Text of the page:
So if Allyson finds herself with a severe shortage of potential guests and I end up spending a night in Chi-town, drinking in my New Earth from the All-Suite Omni Hotel and having brunch in the Harpo green room, I will be sure to fill you in. But after her very polite, “I'll be in touch if I have anything else for you,” I am not holding my breath.

Unless it makes me look slimmer on camera, of course.

Sunday, January 18, 2009

A Winter Scene

Last week the Midwest experienced sub- sub- sub-freezing temperatures and raging Arctic winds. Because I am morally opposed to being exposed to any temperature colder than that of a pinot gris, I spent most of my days last week curled up fetal in my home and crying.

By the end of the week I had a full-blown case of what experts call "Seasonal Affective Disorder," or what I call "It's So Flipping Cold I Want To Hurt Myself.”

My doctor, likely tired of hearing his wife (me) whine to him about the weather, recommended - no, demanded - that I seek medical help to replenish the serotonin my body had lost at the cruel hands of Mother Nature. So I made an appointment with a specialist. In sun therapy. At Tropic Thunder Tan and Tango.

Now, I had not been to a tanning salon since the week before my senior prom, but I was desperate for warmth and light.

I made it to the salon (four miles in blistering winds, uphill both ways), where a well-bronzed young girl showed me how to work the tanning bed. She told me I could wear as much or as little as I wanted under the lights and that the piped-in Jimmy Buffett and sun-like rays of the UV bulbs toasting my body would soon have me feeling, for my eight allotted minutes, that I was one salt-rimmed glass away from Margaritaville.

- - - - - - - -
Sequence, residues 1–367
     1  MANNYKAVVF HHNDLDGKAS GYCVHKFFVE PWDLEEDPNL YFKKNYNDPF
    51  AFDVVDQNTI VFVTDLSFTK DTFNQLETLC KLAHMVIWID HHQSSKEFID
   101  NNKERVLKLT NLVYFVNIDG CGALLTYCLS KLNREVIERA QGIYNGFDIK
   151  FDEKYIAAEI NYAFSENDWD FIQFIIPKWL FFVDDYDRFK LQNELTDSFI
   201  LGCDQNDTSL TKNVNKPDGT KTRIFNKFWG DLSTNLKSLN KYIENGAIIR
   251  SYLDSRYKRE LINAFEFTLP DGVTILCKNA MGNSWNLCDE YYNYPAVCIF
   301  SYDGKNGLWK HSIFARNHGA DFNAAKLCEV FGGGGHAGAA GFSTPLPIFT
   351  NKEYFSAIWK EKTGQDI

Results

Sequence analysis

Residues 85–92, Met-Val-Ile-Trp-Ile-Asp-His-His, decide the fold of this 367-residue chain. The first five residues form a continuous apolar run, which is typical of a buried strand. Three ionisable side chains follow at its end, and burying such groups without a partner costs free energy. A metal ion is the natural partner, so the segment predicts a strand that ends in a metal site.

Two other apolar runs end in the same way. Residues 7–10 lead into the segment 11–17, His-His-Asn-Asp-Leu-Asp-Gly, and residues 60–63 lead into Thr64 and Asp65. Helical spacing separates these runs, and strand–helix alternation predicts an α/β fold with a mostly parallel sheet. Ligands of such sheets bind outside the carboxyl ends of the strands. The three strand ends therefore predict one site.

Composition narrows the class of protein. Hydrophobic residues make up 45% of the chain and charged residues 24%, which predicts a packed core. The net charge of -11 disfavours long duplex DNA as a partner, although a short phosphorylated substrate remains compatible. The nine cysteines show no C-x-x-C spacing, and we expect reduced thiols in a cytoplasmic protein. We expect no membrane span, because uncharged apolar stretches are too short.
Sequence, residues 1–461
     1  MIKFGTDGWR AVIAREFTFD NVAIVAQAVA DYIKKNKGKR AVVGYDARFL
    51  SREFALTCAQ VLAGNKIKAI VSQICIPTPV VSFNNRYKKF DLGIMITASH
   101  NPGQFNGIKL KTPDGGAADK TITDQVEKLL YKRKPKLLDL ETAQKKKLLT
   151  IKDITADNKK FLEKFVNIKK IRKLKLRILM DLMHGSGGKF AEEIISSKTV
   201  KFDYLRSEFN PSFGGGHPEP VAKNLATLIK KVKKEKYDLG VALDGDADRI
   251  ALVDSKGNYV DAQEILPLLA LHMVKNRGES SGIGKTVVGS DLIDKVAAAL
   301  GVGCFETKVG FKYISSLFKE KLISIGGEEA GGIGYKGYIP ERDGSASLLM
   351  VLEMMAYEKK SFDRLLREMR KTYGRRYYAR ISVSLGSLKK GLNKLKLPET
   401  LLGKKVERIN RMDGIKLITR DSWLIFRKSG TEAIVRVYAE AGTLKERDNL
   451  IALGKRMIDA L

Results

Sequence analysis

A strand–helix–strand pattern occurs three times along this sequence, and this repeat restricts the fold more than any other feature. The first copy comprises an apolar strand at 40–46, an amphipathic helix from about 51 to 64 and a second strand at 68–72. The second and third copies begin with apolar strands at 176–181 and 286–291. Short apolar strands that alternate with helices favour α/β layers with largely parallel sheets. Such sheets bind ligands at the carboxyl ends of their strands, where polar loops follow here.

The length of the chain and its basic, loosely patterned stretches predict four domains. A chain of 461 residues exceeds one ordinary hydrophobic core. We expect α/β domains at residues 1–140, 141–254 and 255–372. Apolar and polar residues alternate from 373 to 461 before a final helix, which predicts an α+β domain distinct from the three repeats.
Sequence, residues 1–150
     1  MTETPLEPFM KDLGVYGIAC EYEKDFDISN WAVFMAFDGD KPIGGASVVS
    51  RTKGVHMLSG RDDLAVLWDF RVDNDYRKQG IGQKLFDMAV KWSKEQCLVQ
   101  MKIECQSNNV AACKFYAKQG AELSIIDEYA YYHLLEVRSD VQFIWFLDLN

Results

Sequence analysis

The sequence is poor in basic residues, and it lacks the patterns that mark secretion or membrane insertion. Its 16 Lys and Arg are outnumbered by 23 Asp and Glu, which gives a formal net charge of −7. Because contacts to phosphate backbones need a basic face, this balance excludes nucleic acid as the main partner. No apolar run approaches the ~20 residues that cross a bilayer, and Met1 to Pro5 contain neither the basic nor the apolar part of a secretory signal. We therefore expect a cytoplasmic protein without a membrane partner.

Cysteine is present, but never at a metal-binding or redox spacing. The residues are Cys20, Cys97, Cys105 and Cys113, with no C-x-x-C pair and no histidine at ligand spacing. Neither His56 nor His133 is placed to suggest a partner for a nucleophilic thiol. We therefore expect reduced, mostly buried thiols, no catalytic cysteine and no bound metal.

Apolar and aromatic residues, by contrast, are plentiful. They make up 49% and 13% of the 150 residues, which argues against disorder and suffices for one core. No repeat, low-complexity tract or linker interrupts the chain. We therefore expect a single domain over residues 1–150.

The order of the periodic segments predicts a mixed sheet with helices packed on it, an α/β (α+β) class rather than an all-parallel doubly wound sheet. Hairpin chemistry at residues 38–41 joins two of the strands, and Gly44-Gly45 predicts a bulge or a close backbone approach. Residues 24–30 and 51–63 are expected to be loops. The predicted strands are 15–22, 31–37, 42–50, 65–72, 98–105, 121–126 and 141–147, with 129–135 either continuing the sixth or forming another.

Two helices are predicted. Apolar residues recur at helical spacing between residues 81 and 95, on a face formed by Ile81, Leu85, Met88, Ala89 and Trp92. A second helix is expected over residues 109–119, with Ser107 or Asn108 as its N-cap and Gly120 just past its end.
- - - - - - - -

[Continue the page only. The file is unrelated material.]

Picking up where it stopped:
Hoping to add some color to my midsection (darker shades are more slenderizing) and even out my faded tan lines up top, I opted for bikini-bottoms-only. Because the salon’s front doors opened directly to the parking lot, the tanning rooms were all about 59 degrees, I stripped down and donned my goggles, flipped on the switch and hopped right into that giant Panini press for my eight minutes of tropical dreamland in record time, ready to take my medicine.

It was like lying naked on a sheet of ice.

“$#!t” I yelped under my breath – which, by the way, you could see. I instinctively balanced my whole body on my heels, bikini-clad buttocks, and the back of my head. I checked the monitor. Power was on, timer had started, lights were glowing, but I was shivering.

Who DOES this? I thought, resorting to Lamaze breathing and trying to figure out what to do next. I tried to let my right shoulder blade touch the bed. MOTHER OF MERCY! I picked it back up.

I was stuck in an Arctic sandwich-maker, and needed a diversion.

I closed my eyes and imagined myself on a warm beach, trying to turn the hum of the cancer bed into the sounds of the ocean. But all I could feel was a cramp in both hamstrings.

I looked at the timer. Six and a half minutes left.

Think about the homeless. Think about the mailman. Think about all the people forced into the cold all day long, I said to myself.


“Is everything okay in there?” I heard the attendant ask.

“Um, I think so,” I replied, wondering how she had overheard the conversation in my head, “it’s just a little colder in here than I thought it would be.”

“Oh, yeah, I guess you’re the first person on that bed today. I probably should have let it warm up,” she said. She was a genius.

Just then, the bed started heating up. I slowly dropped my shoulders, then my back, and finally my legs. It almost felt toasty. I relaxed a bit. I’m pretty sure I even smiled a little and began soaking in the warmth, pretending that, on the other side of my bug-like goggles, was the radiant sun wrapping its loving kindness around me and holding me close to the warmth of its---


The timer was up, the machine turned off, and a burst of polar air swept across me, standing every hair on end and instantly turning my lips blue.

I opened my icy coffin, got dressed with the speed of a firefighter being called to a burning Playboy Mansion and was back home under a pile of blankets before you could say “Bahamamama.”

I still have 42 minutes left on my “Winter Blues” tanning package, which I plan to save for the next Arctic blast. But I’ve been doing some thinking, and I believe next time, I will leave the bikini bottoms at home and fake-bake in my Snuggie.

God bless America, and her Snuggie, too.